What's hot?

Those preparing to get their doctorates know what they want to study, but for those leaving to get their master's--the single largest group of students going abroad--it's a decision that requires a lot of thought. Statistics suggest that half of those going to America don't study what they did as undergraduates.

For those who studied humanities or physical sciences in Taiwan, more than half switch to studying business administration or computers. Is the change of heart due to practical considerations?

By conservative estimates, 60 percent of all students going to America go for their masters'. And 47 percent of students polled by ATEC from last April to this January revealed plans to get a master's degree.

After all, a master's only requires a year or two, which represents much less of an economic burden. But the competition is also fiercest at this level.

The Executive Yuan's Directorate General of Budget, Accounting and Statistics recently released work-force figures that break down based on educational level. Before 1990 the graduates of vocational high schools had the highest rate of unemployment. But in 1991 those with graduate degrees took over the lead, which they've held for three of the four years since.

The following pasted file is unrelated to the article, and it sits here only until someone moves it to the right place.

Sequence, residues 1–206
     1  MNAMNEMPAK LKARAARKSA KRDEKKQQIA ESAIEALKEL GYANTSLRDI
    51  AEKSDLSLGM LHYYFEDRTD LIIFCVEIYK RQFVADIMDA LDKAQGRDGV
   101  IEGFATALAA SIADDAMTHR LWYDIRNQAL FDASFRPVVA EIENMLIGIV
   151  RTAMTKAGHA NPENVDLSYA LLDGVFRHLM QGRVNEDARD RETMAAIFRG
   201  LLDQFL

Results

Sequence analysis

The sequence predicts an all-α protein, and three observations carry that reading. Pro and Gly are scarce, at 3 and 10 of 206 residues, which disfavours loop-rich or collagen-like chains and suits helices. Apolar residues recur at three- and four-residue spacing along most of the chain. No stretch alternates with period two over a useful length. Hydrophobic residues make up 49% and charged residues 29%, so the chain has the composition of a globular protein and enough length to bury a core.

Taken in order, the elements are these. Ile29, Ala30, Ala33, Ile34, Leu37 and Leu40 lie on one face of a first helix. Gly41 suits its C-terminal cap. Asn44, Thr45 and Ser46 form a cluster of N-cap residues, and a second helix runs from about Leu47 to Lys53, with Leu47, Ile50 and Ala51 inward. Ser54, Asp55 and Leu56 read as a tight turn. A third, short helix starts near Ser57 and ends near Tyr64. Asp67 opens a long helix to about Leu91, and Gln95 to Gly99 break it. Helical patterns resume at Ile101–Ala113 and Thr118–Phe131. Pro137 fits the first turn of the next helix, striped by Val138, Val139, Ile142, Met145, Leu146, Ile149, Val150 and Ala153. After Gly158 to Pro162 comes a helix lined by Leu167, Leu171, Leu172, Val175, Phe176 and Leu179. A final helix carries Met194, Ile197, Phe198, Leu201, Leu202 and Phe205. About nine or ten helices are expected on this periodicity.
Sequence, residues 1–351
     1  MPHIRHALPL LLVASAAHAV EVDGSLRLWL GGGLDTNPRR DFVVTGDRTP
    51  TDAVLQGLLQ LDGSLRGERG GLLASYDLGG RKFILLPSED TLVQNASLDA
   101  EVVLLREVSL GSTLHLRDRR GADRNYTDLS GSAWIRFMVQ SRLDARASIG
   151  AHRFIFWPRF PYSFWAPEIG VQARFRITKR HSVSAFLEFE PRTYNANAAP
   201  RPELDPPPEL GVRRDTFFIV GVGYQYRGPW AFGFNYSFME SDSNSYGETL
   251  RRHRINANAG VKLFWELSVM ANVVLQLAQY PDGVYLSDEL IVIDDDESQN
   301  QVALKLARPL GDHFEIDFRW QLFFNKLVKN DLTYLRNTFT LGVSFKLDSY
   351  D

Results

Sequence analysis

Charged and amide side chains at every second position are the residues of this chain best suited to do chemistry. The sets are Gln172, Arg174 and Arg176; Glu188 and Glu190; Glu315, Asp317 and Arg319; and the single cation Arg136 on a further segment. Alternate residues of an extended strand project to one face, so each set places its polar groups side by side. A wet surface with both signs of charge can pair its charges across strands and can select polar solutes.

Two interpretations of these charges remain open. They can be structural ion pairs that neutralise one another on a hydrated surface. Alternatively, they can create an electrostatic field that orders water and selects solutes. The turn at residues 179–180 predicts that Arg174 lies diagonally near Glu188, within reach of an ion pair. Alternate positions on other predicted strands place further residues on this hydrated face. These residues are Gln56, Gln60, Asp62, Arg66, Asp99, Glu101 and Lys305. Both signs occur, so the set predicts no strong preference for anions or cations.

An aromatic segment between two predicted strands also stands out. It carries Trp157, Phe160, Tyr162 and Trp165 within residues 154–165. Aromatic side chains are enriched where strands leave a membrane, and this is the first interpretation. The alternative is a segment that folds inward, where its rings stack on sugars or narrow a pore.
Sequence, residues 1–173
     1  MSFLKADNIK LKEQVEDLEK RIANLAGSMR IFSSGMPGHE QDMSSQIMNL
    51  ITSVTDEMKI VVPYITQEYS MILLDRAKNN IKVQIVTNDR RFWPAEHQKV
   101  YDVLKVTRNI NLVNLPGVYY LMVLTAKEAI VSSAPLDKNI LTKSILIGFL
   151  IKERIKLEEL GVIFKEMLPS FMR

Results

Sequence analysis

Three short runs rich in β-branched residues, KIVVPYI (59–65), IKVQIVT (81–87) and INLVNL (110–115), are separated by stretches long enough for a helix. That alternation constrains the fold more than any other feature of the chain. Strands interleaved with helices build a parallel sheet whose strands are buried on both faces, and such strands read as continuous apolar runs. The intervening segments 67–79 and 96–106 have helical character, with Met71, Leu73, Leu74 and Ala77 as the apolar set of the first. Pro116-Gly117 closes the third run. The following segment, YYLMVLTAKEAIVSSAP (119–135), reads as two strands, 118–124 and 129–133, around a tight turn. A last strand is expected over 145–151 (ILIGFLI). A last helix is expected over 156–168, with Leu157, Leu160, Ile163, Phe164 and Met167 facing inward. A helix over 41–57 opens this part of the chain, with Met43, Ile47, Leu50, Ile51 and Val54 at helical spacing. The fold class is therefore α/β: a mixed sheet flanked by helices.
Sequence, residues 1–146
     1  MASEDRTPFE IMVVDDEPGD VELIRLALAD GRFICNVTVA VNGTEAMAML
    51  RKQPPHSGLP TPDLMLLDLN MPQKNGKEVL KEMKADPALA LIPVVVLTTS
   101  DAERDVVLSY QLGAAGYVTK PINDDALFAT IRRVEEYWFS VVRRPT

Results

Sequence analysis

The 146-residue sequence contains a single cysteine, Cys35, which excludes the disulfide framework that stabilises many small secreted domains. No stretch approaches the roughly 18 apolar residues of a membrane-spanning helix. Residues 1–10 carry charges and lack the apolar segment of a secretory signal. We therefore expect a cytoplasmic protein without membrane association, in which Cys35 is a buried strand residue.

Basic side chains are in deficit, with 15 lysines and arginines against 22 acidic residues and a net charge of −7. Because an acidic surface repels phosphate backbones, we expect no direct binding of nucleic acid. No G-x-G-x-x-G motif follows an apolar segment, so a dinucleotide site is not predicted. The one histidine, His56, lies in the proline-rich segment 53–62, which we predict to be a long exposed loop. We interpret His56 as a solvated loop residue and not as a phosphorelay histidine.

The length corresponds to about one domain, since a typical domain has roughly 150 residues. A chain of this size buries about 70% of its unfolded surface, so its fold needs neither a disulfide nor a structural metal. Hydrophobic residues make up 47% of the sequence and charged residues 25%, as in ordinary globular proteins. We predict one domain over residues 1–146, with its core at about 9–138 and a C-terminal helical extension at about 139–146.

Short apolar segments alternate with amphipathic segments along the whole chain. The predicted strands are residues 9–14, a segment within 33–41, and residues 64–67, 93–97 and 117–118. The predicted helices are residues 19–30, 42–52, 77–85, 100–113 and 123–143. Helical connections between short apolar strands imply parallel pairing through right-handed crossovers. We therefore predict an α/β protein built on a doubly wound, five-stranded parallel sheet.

The directorate points out that when supply exceeds demand, those with graduate degrees start sinking to the undergraduate-degree labor market.

Seeing these trends, students going abroad can't help wondering which fields will offer the best career prospects. What fields are hot? Do trends show what makes most sense to study?

We took these questions and asked overseas study agents and the educational centers of various countries, and they responded by describing what fields students are choosing. Their answers were very similar.

The Foundation for Scholarly Exchange conducted a survey of students going to study in the United States the year before last, which revealed that 30 percent of them, and a whopping 56 percent of the women among them, were entering MBA programs, which accept applicants regardless of their undergraduate majors. Social sciences were the women's second favorite area of study. For the men, engineering topped the list, followed by business administration and computers.